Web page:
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Drama Canadian


by (author) Sean Harris Oliver & Raes Calvert

Initial publish date
Mar 2019
Canadian, Historical, Post-Confederation (1867-)
  • Paperback / softback

    Publish Date
    Mar 2019
    List Price

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This is the story of a Métis soldier fighting for Canada on the Western Front of Europe during World War I. Vancouver 1914: a young Indigenous man named Jonathon Woodrow, desperate to prove himself as a warrior, enlists to fight in the Canadian army. Relying on his experience in hunting and wilderness survival, Private Woodrow quickly becomes one of the most feared trench raiders in the 1st Canadian Division. But as the war stretches on, with no end to the fighting in sight, Woodrow begins to realize that he will never go home again.

A 2017 finalist for the Playwright Guild of Canada’s prestigious Carol Bolt Award for Playwrights, Redpatch focuses on how First Nations soldiers and communities contributed to Canada’s involvement in the First World War.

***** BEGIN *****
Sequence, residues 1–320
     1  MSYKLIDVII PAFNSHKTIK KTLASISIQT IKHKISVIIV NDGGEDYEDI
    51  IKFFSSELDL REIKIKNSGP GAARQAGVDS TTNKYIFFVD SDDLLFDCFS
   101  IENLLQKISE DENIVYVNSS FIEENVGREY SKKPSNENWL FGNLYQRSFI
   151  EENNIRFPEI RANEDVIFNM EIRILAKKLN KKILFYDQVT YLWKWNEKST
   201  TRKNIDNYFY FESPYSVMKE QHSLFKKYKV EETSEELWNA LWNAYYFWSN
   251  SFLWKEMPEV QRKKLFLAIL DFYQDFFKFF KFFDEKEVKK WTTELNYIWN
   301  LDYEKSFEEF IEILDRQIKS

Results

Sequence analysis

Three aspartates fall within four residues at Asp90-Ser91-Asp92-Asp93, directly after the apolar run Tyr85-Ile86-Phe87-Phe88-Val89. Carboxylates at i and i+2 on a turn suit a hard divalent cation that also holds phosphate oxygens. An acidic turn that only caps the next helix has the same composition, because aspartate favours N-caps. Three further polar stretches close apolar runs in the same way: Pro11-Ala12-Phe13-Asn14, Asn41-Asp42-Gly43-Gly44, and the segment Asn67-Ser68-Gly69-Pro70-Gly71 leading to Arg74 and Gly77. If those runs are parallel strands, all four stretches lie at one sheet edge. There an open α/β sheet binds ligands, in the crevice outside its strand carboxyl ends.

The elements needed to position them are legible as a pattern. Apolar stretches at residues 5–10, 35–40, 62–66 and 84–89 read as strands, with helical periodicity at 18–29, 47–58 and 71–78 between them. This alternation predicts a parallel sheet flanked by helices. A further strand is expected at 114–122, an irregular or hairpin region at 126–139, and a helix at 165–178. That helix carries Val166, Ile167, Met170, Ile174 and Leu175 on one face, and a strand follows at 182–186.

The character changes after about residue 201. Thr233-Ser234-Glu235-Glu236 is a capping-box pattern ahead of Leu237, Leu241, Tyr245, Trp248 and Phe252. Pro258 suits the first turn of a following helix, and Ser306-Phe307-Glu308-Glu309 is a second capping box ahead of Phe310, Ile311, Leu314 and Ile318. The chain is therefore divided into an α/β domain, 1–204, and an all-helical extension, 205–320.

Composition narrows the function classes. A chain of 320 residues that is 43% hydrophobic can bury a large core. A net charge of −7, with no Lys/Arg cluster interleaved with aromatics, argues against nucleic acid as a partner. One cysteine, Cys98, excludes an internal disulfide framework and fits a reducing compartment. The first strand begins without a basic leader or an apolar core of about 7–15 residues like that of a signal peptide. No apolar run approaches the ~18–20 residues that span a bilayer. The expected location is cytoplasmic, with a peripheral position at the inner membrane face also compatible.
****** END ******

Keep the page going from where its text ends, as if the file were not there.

About the authors

Sean is a Canadian playwright, director, performer and filmmaker. His work has appeared throughout Canada and the US in a variety of arts festivals, public readings and theatre productions. His plays have earned numerous distinctions including being nominated for the 2017 Jessie Richardson Theatre for Outstanding New Script for The Fighting Season. Since 2010 Sean has written, performed and directed plays with Hardline Productions, a Vancouver-based theatre production company that he co-founded with Raes Calvert and Genevieve Fleming. The company converted an office space in the Downtown Eastside of Vancouver into a 30-seat black box theatre where they produced numerous artistic works, nightclub parties, and workshops for emerging artists. Sean's other theatre scripts include: Eight Seconds, Bright Blue Future, Redpatch, and The Soldier's Wife. Sean is a graduate of Studio 58, and he avidly enjoys playing beer-league softball.

Sean Harris Oliver's profile page

Raes Calvert's profile page

Editorial Reviews

"Redpatch is both personal yet universal and borderline mythological. Using dance, myth and mask, Calvert and Oliver have succeeded in asking a question about identity on a dual scale."
Vancouver Presents

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